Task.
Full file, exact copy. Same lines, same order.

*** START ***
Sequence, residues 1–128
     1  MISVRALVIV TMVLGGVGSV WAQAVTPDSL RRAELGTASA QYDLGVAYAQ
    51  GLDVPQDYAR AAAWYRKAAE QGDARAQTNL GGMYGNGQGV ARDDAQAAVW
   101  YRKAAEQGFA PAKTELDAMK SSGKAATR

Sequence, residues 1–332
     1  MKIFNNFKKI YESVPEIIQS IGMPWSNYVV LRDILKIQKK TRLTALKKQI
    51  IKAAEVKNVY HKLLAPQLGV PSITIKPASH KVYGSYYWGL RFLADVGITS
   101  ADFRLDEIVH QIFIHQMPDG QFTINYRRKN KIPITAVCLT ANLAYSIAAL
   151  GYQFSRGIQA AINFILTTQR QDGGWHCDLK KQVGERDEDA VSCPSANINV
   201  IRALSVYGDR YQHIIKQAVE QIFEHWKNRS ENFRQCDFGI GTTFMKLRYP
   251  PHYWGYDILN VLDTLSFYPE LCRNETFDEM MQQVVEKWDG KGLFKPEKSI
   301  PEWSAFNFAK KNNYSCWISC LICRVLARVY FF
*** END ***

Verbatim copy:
Sequence, residues 1–128
     1  MISVRALVIV TMVLGGVGSV WAQAVTPDSL RRAELGTASA QYDLGVAYAQ
    51  GLDVPQDYAR AAAWYRKAAE QGDARAQTNL GGMYGNGQGV ARDDAQAAVW
   101  YRKAAEQGFA PAKTELDAMK SSGKAATR

Sequence, residues 1–332
     1  MKIFNNFKKI YESVPEIIQS IGMPWSNYVV LRDILKIQKK TRLTALKKQI
    51  IKAAEVKNVY HKLLAPQLGV PSITIKPASH KVYGSYYWGL RFLADVGITS
   101  ADFRLDEIVH QIFIHQMPDG QFTINYRRKN KIPITAVCLT ANLAYSIAAL
   151  GYQFSRGIQA AINFILTTQR QDGGWHCDLK KQVGERDEDA VSCPSANINV
   201  IRALSVYGDR YQHIIKQAVE QIFEHWKNRS ENFRQCDFGI GTTFMKLRYP
   251  PHYWGYDILN VLDTLSFYPE LCRNETFDEM MQQVVEKWDG KGLFKPEKSI
   301  PEWSAFNFAK KNNYSCWISC LICRVLARVY FF